I expected the ROCKFORD wooly mammoths to slaughter our boys, but I was not expecting Bobby to be a part of that. I didn’t know his number, but the boy under the helmet and pads hustling onto the field couldn’t be anybody but Bobby. He ran with a gimpy gait. He limped because his legs were uneven.
I didn’t know why his legs were uneven. It didn’t matter about his legs. He was taking full advantage of the football program’s no-quit, no-cut policy, because other than his uneven legs, Bobby was a normal fourteen-year-old boy who loved doing stupid boy stuff.
That meant that the hustling Bobby was happy because he was getting in the game. I didn’t know Bobby well, and, peering at the field through fingers spread over my face, I wondered if I ever would.
No sooner than the play started, half the ROCKFORD line fell on Bobby. He lay under a giant pile of bodies wearing white jerseys and purple pants when the referee whistled the end of the play and the purple and white behemoths dragged themselves up.
Like a bop bag Bobby popped up, tossed the ball to the ref and ran back to the bench. He ripped off his helmet to reveal a wicked Jack O’Lantern grin.
With David on the field, it proved quite easy for me to follow the plays. He played on the kick-off team and then behind the line. He was the full back.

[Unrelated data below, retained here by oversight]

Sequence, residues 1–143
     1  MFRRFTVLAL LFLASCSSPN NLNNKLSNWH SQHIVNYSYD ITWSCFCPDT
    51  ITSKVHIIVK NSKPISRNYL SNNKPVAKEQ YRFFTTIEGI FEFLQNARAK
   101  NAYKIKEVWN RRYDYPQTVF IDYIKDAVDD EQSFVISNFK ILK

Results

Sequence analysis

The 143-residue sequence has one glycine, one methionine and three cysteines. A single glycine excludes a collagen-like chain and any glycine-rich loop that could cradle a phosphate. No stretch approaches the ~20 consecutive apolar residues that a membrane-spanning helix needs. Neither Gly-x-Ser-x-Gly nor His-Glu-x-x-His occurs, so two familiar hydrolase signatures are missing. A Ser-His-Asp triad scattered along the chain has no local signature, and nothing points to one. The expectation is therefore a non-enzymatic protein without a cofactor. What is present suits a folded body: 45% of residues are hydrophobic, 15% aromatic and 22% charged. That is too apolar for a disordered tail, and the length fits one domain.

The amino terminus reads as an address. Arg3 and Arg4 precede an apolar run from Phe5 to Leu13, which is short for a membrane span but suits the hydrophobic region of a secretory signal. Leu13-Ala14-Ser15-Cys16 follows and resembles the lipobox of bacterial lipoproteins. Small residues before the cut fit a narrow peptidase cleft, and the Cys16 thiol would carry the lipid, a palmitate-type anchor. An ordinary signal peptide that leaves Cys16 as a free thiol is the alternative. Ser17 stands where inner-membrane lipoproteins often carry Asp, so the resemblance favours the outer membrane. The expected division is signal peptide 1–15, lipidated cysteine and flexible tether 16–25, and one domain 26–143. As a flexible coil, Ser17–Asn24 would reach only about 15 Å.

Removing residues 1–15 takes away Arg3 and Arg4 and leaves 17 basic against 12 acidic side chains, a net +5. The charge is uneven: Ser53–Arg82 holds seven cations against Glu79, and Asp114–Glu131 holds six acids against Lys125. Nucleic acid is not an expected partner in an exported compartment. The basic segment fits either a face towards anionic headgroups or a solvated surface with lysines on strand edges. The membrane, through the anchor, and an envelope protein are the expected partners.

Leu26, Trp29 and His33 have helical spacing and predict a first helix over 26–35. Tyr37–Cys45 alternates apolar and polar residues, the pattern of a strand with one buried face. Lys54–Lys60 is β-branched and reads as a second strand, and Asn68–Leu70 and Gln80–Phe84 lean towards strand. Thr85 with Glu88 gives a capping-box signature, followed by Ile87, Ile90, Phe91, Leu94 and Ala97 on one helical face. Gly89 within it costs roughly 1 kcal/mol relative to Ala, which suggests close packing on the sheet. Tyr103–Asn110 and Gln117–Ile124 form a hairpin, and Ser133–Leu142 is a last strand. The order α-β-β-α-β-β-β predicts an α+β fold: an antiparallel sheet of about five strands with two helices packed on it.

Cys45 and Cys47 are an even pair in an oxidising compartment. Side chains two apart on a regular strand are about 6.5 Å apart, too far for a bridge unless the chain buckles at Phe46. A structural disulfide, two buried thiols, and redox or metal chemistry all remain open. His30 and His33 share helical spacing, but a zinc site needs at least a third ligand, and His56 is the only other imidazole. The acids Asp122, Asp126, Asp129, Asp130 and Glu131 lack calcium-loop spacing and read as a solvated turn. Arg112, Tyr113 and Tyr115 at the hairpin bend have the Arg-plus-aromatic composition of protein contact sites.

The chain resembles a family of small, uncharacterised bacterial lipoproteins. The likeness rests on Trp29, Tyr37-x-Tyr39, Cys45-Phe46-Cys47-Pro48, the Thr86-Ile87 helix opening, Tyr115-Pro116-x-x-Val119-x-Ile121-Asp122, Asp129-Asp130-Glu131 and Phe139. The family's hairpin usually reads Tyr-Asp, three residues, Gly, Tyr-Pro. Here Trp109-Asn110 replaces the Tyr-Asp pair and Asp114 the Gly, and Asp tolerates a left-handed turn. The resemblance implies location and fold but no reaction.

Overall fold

On one play he ran half the field with the ball. He almost got into the end zone, but then he went down in a tackle. A monotone voice announced from the booth high above us, “David Barker, the ball carrier.”
I wondered, how do you get so far out there and not just give an extra spurt to finish the run with a touch down? On the next play David got the two yards and scored a touchdown. It looked pretty easy, just two yards –six feet -- but somebody screamed like David had performed brain surgery. It was me.
“That’s my son out there,” I yelled. “Number 35.” I jumped up and down and down and up and to both sides, arms waving like a windmill. I just couldn’t stop.
This was so different for me. As a gawky kid living in a house where the police-officer father had vented his frustration by hollering and cursing, I had been self-conscious about sound. I stalled at learning to speak a foreign language, and faltered in singing a solo in the church choir because I wouldn’t let the sound out.
Now, my boy was out on the field, and I was a Bose speaker cranked up. Anyone who has raised a boy knows you gotta catch ‘em doing good. And he was doing good. Better than good: he was being a star. Everyone could see it. David scored one of our two touchdowns.
It was too bad ROCKFORD scored six. East Lansing lost 42-14.